The end result? Instead of working with solid technologies that developers understood, what we have is a Hello World application. On top of that, as of January 12th 2015, the codebase has not been updated since September 2014.

The Technical Committee needs to take a step back and look at the technology stack again. ATUnit needs to be built using technologies that we can actually get developers for now and in the future. Haskell has clearly proven not the correct choice here, even if it would make sense later on. This is a decision I was a part of, and it was wrong.

Organizational Tools

Setting aside the poor decisions regarding the technology stack for the main website, there are still other problems. There was, initially, a lot of movement between hosting. A self-hosted Trac instance that has, along with all of the information it contained (including meeting minutes!), disappeared. GitHub. Assembla. GitLab. We have never properly consolidated those and removed the old ones. Worse yet, even the issues open on GitLab — where ATUnit seems to be staying for the foreseeable future — are a bit of a mess. That can likely be solved at least partially by taking a similar approach to what Gratipay has done: a separate website (and corresponding repository) for things that are not related to the core website (e.g., PR, discussing company operations, etc), but it will require coordinated effort to do so.

As for the lost meeting minutes, we recorded those using an IRC bot. The bot responded to various commands, allowing us to build minutes during the ongoing discussion. It also, unfortunately, had a tendency to disappear very frequently. As of January 12th 2015, it has been missing for four months. I also cannot find any traces of any meeting minutes, and nobody seems to have any clue as to where they are. Even before the Trac server went down, the majority of the meeting minutes seemed to be missing. To my knowledge, the minutes from the first few days were ever actually finished.

Moving Forward

We are disorganized. Our tools are, at best, functional but poorly wielded. At worst, they were always broken, and now seem to have disappeared. This is fucking broken.

We cannot make consistent progress until governance is sorted. We also cannot afford to have it organically build up around the technologies we use — we need to take an iterative approach, with the ability to improve or outright replace tools that are not working.

I do not care if we wind up using the solutions I mention in this article, but we need to fucking own these problems and fix them if ATUnit has any chance of succeeding. As it stands now, I fear it won’t.


An audio version of this article is available on SoundCloud.

As is our style, I would like to write a short follow up to the article Genesis by Marie Markwell. It may seem a bit redundant for the staff to expand upon an introduction article, however I believe there are a few things to be said and I wanted to take the first feedback article as an opportunity to say them.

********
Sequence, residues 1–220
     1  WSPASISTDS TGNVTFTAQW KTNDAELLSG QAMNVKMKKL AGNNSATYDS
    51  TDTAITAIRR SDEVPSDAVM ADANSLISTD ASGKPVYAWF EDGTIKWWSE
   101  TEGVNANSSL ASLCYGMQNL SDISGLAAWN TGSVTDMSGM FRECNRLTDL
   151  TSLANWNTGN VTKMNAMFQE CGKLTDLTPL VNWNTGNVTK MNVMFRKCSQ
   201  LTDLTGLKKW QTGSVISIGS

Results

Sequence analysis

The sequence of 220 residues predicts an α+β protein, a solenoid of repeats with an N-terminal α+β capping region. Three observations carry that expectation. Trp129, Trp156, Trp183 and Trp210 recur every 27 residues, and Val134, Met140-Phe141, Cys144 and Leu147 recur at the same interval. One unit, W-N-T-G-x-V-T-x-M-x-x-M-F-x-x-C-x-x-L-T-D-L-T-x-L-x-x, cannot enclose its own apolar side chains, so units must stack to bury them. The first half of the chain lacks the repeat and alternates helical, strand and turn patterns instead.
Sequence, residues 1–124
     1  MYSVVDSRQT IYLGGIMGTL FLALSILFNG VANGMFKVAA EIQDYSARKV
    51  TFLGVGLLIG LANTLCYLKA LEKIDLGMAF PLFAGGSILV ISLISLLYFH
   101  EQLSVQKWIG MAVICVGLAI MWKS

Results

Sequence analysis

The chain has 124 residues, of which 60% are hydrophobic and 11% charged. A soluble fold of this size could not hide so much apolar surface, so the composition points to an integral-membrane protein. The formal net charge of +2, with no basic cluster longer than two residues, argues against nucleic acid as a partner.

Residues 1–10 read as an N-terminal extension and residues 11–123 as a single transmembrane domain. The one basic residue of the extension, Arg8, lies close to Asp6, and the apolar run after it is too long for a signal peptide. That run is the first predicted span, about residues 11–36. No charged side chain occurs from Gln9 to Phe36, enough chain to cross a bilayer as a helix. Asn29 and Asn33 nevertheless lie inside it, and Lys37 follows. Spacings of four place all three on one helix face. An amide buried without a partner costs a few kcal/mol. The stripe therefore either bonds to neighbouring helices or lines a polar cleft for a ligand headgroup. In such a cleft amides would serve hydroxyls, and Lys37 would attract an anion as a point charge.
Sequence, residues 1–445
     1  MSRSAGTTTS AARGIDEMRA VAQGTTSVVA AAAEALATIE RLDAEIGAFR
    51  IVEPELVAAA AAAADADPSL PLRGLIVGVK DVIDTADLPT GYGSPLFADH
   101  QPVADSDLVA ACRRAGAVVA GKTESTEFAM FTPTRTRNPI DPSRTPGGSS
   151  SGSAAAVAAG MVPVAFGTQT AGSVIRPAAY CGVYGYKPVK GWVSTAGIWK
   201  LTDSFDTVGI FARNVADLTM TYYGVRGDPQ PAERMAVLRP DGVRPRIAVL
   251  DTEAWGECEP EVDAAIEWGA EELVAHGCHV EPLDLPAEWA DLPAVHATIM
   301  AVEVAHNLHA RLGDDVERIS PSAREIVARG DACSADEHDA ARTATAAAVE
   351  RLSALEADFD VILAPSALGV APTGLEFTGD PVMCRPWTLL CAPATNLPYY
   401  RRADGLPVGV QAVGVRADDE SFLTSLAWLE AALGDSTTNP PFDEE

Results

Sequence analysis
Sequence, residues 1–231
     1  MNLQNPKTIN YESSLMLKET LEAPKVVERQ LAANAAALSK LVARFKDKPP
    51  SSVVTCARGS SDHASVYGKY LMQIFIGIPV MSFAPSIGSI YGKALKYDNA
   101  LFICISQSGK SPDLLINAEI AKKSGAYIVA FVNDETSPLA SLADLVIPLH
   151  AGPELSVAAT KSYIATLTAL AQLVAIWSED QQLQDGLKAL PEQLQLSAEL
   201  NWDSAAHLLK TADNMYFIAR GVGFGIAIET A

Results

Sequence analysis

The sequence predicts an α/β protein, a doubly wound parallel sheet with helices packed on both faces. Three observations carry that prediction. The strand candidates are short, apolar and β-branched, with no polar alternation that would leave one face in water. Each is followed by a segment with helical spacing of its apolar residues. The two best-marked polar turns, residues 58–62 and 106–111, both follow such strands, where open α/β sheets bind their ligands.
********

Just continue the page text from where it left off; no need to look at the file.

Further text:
First of all, thank you so much for your support and feedback. Projects like this are difficult to gauge initially, so your continued support and interest has only strengthened our resolve and given us an indicator that there is a space, and an audience, for writing about the complex nature of human/company interaction. Obviously this subject is not everyone’s cup of tea, but given how often we rant about these issues, we do have a passion and interest in presenting long-form writing on these topics and others. That said, the staff would like to apologize for the clumsiness of the launch and continued delays.

As stated in Genesis, we plan on releasing Audio versions of the articles alongside the text version. This was the source of the first delay, as the article was ready on Monday, however, it was not complete without that audio version and hence it was delayed until Audacity decided to co-operate. I understand that to some people this may be an insignificant problem to delay the launch of website and the publication of an article, but we believe the audio version to be of equal importance to the text version. I assure you that as we get into the groove of things, things will get smoother and the quality issues with the audio version will be ironed out.

That said, I would like to reiterate our intentions. Genesis was about explaining high-level ideas and giving a general overview of what we intend to be. As alluded to previously, the purpose of this publication is to provide a place for discussion of the (often) problematic business interactions and provide potential solutions to these problems. These interactions may be public interactions such as business-customer relationships, issues of governance, and issues of internal politics and policies that may affect the perception and health of an organization. Hence, we want to lead by example, experimenting in both an alternative governance structure and different mediums to express our ideas.